British Airways (IAG) parent IAG SA’s bid for Vueling Airlines SA (VLG) is seen as too low by some of the target company’s top shareholders, two people familiar with the matter said, raising doubts about whether the plan will succeed.
IAG bid 7 euros a share for the 54 percent of Vueling it doesn’t yet own, 28 percent above the Nov. 7 close. Investors including Farringdon Capital Management SA, the second-largest, want 9 or 10 euros, a 66 percent premium, said the people, who asked not to be identified while the approach is being weighed.
Vueling also had 407 million euros ($517 million) in cash as of Sept. 30, and could opt to block the deal by paying a dividend that would make it less attractive, the people said. The Barcelona-based carrier, which has lured passengers with cheap flights as Spain is gripped by a sovereign-debt crisis, regards IAG’s interest as “positive,” it said yesterday while stopping short of recommending the offer.
“We’re set for a takeover game in which investors demand a higher price,” said Francisco Salvador, a strategist at FGA/MG Valores in Madrid. Since IAG’s bid needs approval by investors holding at least 90 percent of Vueling’s voting rights, the deal could be blocked if top shareholders hold out, he said.
Vueling, Spain’s biggest airline after IAG’s Iberia unit, closed down 0.3 percent at 6.83 euros yesterday in Madrid. That’s 17 cents below the price of the bid, made on Nov. 8.
Farringdon, which has a 3.35 percent stake in Vueling, according to data compiled by Bloomberg, isn’t inclined to tender its stock at the current level, one of the people said. The Geneva-based company declined to comment.
IAG, as International Consolidated Airlines Group SA is known, owns 45.85 percent of the smaller airline.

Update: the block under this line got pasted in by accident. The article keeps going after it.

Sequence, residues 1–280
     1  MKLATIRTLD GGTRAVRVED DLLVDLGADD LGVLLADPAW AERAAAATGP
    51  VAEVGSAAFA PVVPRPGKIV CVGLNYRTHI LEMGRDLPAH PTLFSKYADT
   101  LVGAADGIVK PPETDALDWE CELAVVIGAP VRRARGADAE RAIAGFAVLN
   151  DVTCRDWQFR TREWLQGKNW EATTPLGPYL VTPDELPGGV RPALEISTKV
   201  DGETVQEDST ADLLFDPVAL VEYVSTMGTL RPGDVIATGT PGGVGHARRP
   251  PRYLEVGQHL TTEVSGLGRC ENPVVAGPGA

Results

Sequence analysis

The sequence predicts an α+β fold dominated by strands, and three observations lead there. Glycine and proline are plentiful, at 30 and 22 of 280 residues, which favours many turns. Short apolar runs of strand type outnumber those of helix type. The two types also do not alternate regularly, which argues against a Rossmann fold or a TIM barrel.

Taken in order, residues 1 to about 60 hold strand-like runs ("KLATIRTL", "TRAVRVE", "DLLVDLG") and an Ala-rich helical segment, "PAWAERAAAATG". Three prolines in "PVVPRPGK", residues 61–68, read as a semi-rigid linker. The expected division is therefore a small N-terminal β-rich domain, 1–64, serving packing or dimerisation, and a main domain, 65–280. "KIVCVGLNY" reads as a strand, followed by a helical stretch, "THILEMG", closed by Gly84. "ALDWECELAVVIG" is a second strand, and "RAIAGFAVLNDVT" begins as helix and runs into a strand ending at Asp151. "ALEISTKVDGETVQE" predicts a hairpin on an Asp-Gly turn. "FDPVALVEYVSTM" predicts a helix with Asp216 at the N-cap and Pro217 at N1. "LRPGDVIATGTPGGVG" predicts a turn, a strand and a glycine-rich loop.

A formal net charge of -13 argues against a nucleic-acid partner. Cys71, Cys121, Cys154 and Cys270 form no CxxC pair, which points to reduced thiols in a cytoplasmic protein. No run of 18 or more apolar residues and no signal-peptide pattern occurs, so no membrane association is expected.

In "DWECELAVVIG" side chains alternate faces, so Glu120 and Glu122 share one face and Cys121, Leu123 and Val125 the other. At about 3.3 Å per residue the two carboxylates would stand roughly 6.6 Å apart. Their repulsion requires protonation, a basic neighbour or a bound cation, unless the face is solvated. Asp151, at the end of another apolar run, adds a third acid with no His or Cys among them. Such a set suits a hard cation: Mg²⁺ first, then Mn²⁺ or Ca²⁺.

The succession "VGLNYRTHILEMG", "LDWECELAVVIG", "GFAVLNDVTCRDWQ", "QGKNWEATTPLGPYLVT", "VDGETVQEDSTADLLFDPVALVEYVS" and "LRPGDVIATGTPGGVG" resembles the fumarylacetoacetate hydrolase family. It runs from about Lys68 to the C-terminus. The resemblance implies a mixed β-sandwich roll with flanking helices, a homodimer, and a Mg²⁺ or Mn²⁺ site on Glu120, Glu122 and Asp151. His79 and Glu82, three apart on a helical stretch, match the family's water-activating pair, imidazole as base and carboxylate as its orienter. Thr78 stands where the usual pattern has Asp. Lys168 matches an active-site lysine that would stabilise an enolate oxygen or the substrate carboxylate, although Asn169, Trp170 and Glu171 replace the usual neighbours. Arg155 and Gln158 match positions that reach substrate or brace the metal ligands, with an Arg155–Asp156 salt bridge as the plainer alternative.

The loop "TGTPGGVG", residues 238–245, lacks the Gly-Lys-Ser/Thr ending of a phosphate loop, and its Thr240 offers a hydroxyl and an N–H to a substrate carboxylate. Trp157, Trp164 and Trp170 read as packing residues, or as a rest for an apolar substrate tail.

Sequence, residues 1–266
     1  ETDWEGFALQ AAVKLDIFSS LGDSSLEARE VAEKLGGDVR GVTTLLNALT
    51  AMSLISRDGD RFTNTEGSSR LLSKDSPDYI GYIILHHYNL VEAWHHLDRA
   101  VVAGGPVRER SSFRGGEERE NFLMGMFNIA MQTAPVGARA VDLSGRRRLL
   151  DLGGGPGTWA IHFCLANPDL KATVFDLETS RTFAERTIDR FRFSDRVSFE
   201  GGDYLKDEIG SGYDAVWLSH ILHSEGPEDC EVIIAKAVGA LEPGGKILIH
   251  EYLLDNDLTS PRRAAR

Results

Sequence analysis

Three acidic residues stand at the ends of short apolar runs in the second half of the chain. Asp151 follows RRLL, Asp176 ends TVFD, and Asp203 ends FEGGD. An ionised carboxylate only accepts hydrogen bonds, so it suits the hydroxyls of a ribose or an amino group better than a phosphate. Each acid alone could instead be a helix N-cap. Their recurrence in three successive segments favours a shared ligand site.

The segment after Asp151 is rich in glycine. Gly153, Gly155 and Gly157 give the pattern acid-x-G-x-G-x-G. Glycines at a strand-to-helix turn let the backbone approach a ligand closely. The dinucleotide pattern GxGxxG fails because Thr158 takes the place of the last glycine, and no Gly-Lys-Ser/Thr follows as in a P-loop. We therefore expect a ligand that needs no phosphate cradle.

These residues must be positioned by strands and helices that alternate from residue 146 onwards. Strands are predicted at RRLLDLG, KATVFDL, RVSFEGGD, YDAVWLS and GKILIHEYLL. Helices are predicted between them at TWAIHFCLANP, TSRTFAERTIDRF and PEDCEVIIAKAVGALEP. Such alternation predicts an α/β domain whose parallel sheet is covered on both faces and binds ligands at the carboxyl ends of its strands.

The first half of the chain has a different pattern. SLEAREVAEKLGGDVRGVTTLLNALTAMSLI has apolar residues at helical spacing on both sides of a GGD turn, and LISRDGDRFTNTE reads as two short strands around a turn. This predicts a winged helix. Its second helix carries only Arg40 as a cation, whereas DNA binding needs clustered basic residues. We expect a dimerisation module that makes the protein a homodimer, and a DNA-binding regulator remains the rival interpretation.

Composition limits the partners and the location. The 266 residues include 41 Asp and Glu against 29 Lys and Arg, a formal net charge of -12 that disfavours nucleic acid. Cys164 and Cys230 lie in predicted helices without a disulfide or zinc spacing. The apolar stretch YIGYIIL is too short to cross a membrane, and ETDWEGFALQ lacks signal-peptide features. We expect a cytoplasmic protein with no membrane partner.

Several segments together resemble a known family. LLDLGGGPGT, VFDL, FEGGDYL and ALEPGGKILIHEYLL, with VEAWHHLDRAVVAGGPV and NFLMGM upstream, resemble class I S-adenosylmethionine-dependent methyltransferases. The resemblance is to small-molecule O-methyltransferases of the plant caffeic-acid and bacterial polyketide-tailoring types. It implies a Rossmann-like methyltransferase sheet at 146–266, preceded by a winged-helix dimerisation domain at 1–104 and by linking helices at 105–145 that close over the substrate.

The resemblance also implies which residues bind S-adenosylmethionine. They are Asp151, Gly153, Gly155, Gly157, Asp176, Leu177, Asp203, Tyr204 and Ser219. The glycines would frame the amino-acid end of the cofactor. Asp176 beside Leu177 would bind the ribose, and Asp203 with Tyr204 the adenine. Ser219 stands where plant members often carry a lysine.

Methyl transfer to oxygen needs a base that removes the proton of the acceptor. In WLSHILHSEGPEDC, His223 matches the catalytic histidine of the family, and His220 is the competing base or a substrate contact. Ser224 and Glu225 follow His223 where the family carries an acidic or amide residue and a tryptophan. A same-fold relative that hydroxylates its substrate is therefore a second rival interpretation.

Vueling’s nine-month earnings before interest and tax jumped 80 percent to 53 million euros, versus a 262 million-euro operating loss at Iberia, which merged with BA to form IAG in January last year. Earnings are likely to increase at least 10 percent next year, the low-cost carrier said Nov. 7.
Growth rates at Vueling are such that it might anyway reach 10 or 12 euros a share within six months, said Luis Benguerel, a trader at Interbrokers in Barcelona. The bid is also negative for the many investors who bought at a higher price, he added.
Vueling shares that fell 60 percent in 2011, having started the year at 9.79 euros, had advanced 41 percent this year even before this week’s bid.
IAG Chief Executive Officer Willie Walsh said yesterday he aims to eliminate 4,500 jobs at Iberia -- more than one-fifth of the total -- to help deliver a 600 million-euro turnaround in earnings by 2015. More flights will be transferred to the new Iberia Express business, he said, adding that there are no plans for a merger with Vueling, which would operate independently.
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